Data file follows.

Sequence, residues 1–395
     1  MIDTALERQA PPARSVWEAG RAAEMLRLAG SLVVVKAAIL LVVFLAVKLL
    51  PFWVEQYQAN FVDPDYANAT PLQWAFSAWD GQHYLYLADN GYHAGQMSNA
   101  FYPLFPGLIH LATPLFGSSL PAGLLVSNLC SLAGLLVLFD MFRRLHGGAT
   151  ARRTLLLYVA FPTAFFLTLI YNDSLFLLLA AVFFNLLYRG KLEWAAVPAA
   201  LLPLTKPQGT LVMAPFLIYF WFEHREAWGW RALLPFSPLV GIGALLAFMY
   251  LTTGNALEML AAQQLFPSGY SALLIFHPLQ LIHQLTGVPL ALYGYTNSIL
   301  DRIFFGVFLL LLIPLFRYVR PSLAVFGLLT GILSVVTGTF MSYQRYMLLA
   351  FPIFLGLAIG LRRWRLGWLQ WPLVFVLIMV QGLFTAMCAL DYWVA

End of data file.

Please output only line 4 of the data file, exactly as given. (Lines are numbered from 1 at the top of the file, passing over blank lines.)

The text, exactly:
   101  FYPLFPGLIH LATPLFGSSL PAGLLVSNLC SLAGLLVLFD MFRRLHGGAT